TV
Arts and Entertainment
The former Doctor Who actor is to play a vicar is search of a wife

film
Arts and Entertainment

music
Arts and Entertainment
Pointless host Alexander Armstrong will voice Danger Mouse on CBBC

TV
Arts and Entertainment
Pharrell dismissed the controversy surrounding

music
Arts and Entertainment
Jack Huston is the new Ben-Hur

film
Arts and Entertainment

TV
Arts and Entertainment
Cara Delevingne modelling

film
Arts and Entertainment
Emma Thompson and Bryn Terfel are bringing Sweeney Todd: The Demon Barber of Fleet Street to the London Coliseum

theatre
Arts and Entertainment
Sheridan Smith as Cilla Black

TV
Arts and Entertainment
Robin Thicke's video for 'Blurred Lines' has been criticised for condoning rape

Robin Thicke admits he didn't write 'Blurred Lines'

music
Arts and Entertainment
While many films were released, few managed to match the success of James Bond blockbuster 'Skyfall'

film
Arts and Entertainment
Matt Damon as Jason Bourne in The Bourne Ultimatum (2007)

film
Arts and Entertainment
Sheridan Smith as Cilla Black

Review: Cilla, ITV TV
Arts and Entertainment

TV
Arts and Entertainment
Tom Hardy stars with Cillian Murphy in Peaky Blinders II

TV
Have you tried new the Independent Digital Edition apps?

ES Rentals

    Independent Dating
    and  

    By clicking 'Search' you
    are agreeing to our
    Terms of Use.

    A roller-coaster tale from the 'voice of a generation'

    Not That Kind of Girl:

    A roller-coaster tale from 'voice of a generation' Lena Dunham
    London is not bedlam or a cradle of vice. In fact it, as much as anywhere, deserves independence

    London is not bedlam or a cradle of vice

    In fact it, as much as anywhere, deserves independence
    Vivienne Westwood 'didn’t want' relationship with Malcolm McLaren

    Vivienne Westwood 'didn’t want' relationship with McLaren

    Designer 'felt pressured' into going out with Sex Pistols manager
    Jourdan Dunn: Model mother

    Model mother

    Jordan Dunn became one of the best-paid models in the world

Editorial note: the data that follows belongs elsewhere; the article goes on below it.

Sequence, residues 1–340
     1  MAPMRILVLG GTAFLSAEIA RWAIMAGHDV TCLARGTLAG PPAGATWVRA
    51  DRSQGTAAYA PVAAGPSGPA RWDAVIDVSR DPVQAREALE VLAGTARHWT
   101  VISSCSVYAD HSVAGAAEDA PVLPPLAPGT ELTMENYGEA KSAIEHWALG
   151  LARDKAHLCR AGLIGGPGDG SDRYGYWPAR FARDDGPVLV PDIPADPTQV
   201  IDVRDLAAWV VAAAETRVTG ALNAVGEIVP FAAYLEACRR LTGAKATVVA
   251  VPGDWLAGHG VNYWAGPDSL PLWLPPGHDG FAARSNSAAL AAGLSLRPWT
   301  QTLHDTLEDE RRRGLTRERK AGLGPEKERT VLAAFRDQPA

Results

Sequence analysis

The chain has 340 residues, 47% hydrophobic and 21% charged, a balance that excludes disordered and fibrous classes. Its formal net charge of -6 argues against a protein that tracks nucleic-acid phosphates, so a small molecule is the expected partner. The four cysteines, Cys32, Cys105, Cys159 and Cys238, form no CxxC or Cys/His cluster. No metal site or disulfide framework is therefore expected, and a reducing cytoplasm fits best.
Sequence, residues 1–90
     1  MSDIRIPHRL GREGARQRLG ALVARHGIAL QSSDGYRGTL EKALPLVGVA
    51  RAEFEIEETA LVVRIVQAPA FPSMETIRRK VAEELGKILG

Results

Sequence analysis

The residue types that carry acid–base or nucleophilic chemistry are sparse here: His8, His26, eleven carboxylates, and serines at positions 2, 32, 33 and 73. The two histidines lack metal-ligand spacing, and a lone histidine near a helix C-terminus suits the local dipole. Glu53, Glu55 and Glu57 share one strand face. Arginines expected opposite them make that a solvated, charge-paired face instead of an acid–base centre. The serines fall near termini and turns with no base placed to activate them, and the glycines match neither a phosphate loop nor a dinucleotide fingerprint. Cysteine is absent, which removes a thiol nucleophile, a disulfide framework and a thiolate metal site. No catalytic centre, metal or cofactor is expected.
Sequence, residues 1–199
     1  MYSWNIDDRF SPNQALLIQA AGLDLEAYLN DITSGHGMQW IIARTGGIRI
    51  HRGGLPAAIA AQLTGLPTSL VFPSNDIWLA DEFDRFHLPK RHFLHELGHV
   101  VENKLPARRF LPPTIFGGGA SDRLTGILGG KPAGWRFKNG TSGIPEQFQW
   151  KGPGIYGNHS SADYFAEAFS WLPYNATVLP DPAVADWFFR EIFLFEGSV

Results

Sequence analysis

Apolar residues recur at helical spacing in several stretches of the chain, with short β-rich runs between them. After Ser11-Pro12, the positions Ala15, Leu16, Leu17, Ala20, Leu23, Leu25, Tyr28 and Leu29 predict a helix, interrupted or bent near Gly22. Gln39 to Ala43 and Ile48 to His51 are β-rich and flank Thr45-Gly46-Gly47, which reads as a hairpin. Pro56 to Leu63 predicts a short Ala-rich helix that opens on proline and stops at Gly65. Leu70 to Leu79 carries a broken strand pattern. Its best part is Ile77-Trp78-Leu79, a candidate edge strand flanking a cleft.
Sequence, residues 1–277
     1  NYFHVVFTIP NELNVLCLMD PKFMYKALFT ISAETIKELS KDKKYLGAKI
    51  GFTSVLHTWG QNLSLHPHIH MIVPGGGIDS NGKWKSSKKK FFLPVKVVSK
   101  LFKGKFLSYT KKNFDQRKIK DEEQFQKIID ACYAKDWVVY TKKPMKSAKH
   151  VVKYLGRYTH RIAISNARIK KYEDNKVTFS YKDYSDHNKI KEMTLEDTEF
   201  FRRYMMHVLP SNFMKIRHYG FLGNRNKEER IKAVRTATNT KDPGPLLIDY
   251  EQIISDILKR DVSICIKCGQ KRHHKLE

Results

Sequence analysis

Apple still coolest brand – despite U2 PR disaster

    Apple still the coolest brand

    Despite PR disaster of free U2 album
    Scottish referendum: The Yes vote was the love that dared speak its name, but it was not to be

    Despite the result, this is the end of the status quo

    Boyd Tonkin on the fall-out from the Scottish referendum
    Manolo Blahnik: The high priest of heels talks flats, Englishness, and why he loves Mary Beard

    Manolo Blahnik: Flats, Englishness, and Mary Beard

    The shoe designer who has been dubbed 'the patron saint of the stiletto'
    The Beatles biographer reveals exclusive original manuscripts of some of the best pop songs ever written

    Scrambled eggs and LSD

    Behind The Beatles' lyrics - thanks to Hunter Davis's original manuscript copies
    'Normcore' fashion: Blending in is the new standing out in latest catwalk non-trend

    'Normcore': Blending in is the new standing out

    Just when fashion was in grave danger of running out of trends, it only went and invented the non-trend. Rebecca Gonsalves investigates
    Dance’s new leading ladies fight back: How female vocalists are now writing their own hits

    New leading ladies of dance fight back

    How female vocalists are now writing their own hits
    Mystery of the Ground Zero wedding photo

    A shot in the dark

    Mystery of the wedding photo from Ground Zero
    His life, the universe and everything

    His life, the universe and everything

    New biography sheds light on comic genius of Douglas Adams
    Save us from small screen superheroes

    Save us from small screen superheroes

    Shows like Agents of S.H.I.E.L.D are little more than marketing tools
    Reach for the skies

    Reach for the skies

    From pools to football pitches, rooftop living is looking up
    These are the 12 best hotel spas in the UK

    12 best hotel spas in the UK

    Some hotels go all out on facilities; others stand out for the sheer quality of treatments